There is soooo much to living with this, what I call, sensory-unfriendly, brain-confusing disorder that we live in.
One thing that I would love to convey to those who do not understand FASD. We truly want to do what is right. We often times just dont know how. We are not as defiant as some might think. I know it appears that way, at times. But honestly, we just do not understand. I know I think I am doing what I was asked, only to find out I did it completely wrong. 
I’m sure it would look like I didnt listen. I know it might have looked defiant. But honestly, my whole entire heart wanted to please and wanted to do what I was asked.
I wish teachers, etc. understood that part. Because if we could do it right…we would. 
We need more education on the basics of who we are. And again, like many disabilities, we are not all the same. BUT, we do have general characteristics/symptoms that fit under FASD. A spectrum of the disorder. 
This is an example of what I have experienced when it could appear defiant or that I wasn’t listening. “Ann, go downstairs and get peanut butter, sugar, and napkins.”
As I walk downstairs, I am going through my head what I was told. okay…peanut butter…..ummm…

I bring up the peanut butter and put it on the counter. “What else did you say?’
“You didn’t listen to me.”
I’m quiet because I do not even know how to answer that statement. 
An example in the classroom is the teacher is talking. She gives instructions to the classroom. I hear the first few words than the rest becomes…blah, blah, blah. I have to look around to see what the other kids are doing so I make sure I’m doing what the teacher said. It looks like I’m cheating. I’m not. I simply want to understand what I’m supposed to do. I still do not understand. I sit. I don’t do the work. I want to do it, but I don’t understand what I’m supposed to do. The teacher tells me again. Many steps in a row. I only remember the first couple. Again, confused.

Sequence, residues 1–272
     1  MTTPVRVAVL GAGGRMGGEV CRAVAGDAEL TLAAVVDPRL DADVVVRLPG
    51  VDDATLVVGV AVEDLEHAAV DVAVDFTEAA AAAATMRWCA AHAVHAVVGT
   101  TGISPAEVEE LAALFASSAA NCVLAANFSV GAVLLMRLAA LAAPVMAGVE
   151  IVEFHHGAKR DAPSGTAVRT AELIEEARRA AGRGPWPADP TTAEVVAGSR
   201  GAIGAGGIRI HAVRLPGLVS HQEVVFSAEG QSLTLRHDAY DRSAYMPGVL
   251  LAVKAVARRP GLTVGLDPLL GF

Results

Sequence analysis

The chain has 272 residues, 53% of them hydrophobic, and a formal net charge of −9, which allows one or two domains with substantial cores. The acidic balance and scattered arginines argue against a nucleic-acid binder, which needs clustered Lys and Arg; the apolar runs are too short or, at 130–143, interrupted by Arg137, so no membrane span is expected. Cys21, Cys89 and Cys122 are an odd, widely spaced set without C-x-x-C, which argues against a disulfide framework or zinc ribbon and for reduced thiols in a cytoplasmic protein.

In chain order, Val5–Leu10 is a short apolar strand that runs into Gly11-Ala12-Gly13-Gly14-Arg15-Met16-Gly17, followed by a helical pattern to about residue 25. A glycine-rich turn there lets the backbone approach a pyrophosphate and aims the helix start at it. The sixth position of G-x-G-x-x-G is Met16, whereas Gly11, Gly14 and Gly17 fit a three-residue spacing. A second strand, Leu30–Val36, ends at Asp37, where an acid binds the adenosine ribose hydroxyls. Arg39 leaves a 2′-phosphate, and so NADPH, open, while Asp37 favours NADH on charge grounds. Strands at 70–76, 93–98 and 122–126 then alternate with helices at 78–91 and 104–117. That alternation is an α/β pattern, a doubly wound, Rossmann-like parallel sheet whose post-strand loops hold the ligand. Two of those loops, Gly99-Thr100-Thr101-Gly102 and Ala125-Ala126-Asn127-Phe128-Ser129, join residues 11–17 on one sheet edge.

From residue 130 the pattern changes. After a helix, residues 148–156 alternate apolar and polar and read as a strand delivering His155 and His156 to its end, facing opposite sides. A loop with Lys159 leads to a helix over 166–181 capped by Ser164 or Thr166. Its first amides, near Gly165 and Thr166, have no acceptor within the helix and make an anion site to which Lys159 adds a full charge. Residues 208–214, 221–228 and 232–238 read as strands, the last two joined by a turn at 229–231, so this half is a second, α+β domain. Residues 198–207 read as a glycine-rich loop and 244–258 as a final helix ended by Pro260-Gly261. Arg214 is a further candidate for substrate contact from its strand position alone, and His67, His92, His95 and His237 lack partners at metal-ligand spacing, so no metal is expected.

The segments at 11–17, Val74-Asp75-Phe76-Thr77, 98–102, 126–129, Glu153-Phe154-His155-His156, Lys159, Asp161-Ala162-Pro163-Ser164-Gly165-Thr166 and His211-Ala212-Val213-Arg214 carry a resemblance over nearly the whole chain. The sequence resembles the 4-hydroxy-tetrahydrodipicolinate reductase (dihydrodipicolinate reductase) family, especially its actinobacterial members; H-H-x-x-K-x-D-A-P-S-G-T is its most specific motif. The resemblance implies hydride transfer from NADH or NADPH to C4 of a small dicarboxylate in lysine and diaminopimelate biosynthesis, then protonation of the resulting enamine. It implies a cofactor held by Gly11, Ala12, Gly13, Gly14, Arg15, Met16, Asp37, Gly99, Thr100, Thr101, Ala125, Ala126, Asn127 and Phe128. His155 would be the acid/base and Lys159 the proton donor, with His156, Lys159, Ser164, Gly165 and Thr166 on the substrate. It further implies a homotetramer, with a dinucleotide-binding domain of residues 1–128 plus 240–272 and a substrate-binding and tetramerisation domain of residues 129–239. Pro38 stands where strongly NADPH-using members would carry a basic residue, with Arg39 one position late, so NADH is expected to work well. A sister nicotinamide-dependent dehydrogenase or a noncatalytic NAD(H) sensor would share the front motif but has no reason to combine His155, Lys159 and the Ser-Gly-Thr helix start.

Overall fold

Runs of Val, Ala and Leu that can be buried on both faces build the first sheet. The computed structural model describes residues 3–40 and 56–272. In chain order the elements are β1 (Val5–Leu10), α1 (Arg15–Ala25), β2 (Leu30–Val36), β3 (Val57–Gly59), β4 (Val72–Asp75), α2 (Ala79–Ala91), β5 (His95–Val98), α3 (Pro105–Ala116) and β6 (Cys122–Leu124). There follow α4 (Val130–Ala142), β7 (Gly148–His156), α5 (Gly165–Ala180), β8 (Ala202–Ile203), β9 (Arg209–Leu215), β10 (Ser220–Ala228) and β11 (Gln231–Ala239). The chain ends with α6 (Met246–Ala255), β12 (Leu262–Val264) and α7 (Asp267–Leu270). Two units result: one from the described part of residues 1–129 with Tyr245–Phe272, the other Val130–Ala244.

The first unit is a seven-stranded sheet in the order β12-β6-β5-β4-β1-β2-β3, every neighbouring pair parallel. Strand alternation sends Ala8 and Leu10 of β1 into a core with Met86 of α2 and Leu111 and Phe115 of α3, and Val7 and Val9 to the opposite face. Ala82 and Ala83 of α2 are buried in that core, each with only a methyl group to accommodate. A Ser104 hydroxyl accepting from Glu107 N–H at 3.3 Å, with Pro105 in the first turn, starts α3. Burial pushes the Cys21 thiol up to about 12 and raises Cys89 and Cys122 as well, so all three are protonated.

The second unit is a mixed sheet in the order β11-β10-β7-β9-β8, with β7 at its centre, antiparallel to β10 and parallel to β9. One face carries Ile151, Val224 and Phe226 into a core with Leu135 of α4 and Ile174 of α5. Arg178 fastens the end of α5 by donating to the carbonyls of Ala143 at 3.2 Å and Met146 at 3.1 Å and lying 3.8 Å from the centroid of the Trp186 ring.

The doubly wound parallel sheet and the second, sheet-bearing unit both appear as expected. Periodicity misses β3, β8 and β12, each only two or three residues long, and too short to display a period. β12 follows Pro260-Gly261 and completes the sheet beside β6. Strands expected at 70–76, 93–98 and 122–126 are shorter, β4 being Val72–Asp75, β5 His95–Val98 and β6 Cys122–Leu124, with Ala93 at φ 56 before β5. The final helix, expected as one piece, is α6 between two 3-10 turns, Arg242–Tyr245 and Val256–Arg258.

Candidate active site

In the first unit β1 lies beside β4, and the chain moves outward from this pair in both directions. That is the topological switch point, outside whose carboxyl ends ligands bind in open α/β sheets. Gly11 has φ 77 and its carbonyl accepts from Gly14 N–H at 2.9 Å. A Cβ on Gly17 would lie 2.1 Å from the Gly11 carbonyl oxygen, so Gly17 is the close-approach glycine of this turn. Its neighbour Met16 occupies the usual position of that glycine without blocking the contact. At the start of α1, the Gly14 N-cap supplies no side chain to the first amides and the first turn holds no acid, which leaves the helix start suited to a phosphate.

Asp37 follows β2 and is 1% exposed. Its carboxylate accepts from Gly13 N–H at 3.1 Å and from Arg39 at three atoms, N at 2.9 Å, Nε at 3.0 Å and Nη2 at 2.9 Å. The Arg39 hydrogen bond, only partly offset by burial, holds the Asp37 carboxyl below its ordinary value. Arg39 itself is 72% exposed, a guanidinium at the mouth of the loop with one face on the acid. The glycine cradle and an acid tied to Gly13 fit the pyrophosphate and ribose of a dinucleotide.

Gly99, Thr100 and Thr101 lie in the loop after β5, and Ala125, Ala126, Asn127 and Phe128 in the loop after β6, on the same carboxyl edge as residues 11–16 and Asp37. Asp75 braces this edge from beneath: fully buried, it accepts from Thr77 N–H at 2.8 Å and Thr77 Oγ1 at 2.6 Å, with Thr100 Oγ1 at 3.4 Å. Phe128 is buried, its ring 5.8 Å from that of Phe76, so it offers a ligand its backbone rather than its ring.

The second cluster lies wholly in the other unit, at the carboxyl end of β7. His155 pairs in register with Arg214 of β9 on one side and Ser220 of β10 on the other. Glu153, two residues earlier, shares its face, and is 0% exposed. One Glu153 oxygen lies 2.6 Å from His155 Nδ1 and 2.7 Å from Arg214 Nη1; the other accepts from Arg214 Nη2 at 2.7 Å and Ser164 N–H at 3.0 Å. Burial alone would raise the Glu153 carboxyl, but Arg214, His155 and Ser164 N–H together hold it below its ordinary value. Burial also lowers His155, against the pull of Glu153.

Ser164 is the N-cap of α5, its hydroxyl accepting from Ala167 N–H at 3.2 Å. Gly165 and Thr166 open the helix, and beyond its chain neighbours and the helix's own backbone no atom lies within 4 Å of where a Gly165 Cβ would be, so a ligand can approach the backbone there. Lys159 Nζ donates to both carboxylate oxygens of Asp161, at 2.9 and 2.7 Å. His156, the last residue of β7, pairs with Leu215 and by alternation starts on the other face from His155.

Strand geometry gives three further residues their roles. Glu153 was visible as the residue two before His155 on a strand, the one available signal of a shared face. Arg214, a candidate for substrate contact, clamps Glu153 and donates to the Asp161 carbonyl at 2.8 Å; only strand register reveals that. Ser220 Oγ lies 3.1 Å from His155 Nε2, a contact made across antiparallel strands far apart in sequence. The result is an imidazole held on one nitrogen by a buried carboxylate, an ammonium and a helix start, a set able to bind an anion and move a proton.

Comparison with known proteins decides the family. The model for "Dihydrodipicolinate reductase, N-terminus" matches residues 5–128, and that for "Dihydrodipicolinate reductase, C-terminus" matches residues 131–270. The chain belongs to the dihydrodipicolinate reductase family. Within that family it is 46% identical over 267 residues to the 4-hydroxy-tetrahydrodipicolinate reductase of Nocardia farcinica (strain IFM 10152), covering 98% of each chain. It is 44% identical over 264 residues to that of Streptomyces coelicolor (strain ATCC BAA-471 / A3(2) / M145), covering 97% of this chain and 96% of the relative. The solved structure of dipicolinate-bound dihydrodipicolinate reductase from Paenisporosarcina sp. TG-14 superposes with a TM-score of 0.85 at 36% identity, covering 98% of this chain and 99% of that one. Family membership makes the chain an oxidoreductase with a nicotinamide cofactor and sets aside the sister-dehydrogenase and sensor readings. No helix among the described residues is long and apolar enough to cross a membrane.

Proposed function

Defiant? no.
Didn’t listen? no.
Wanting with my whole heart to do what was asked? YES. 
Defeat. only to feel like I failed. I didnt do what I was told. I let people down. Everybody else understood, but me.
This is why understanding FASD is so important. If the education is out there, than teachers will understand that one instruction at a time works. Distractions in the classroom make it harder to focus. Slowing down speech is vital. Making sure the person with FASD understands, is key. If not, don’t make a big deal out of it. Patiently, explain again. One word at a time. Processing is hard. Allowing as much time as needed for the person to understand what they are supposed to do. Once we get it, we will do it and we will give our all. And we like PRAISE when we do it right…lol. 
I know for me, I am this adult, immature kid that loves making people happy. My whole being lights up when I know I did something right and that I made others happy. 
Well, that’s it for now…

I am FASD and…

You know, for a long time, I thought I had autism. A neurologist believed that was what it appeared to be. For some reason, when I thought it was autism, it seemed okay with me. It was like something that I understood. I don’t mean mean medically, but it was something I was able to accept more.

When someone asked me if my biological mom drank when she carried me, I said, ‘yes.’ I didnt even think a thing about it. They gently decided to tell me that the neurological disorders they saw in me were a lot more extensive than autism. I didn’t even know what to make of it. I wasn’t completely understanding her. I don’t think my brain was ready for what I was about to here.

After validation, it took a long time for it to sink in. I really lost my breath for awhile. I have no idea why there is such a stigma attached to having FASD.

Is it because it was a choice for me to have a life-long disability?
is it because it could have been prevented?


There are just things that seem to have something attached to it that makes it not seem okay.

I have had to do a lot of soul searching to not let it define me.
In fact, I think that it makes me a better person.

I know that does not make sense, in a lot of ways, but I have to tell you, there are things about me and others I know with FASD that I just would not trade for anything.